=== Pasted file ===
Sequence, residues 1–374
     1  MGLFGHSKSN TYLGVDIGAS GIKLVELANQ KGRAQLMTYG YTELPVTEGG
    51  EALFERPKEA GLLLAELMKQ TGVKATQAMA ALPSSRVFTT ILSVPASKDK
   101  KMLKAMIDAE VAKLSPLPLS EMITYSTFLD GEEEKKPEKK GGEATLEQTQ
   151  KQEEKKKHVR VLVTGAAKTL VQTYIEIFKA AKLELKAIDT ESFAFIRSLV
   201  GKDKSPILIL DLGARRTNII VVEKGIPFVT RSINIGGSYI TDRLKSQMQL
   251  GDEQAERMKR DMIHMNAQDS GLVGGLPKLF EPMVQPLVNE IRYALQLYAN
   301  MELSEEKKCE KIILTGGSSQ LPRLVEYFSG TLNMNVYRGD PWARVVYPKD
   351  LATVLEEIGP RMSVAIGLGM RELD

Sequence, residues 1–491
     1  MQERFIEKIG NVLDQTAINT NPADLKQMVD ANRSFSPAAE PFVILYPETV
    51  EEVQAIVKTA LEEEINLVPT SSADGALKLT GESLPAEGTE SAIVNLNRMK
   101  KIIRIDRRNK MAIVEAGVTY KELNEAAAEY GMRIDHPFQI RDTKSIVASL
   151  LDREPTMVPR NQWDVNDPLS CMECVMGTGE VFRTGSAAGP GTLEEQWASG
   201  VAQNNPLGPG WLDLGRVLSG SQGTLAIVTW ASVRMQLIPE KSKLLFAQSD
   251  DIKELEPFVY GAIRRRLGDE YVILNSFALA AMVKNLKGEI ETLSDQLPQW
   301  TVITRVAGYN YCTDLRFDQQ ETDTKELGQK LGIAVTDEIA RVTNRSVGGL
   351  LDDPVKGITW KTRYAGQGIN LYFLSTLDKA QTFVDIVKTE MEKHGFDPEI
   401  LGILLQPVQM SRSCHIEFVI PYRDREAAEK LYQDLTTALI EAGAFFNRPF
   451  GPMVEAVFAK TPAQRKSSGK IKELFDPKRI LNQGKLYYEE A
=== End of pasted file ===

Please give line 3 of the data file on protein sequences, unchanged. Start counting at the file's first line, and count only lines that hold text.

    51  EALFERPKEA GLLLAELMKQ TGVKATQAMA ALPSSRVFTT ILSVPASKDK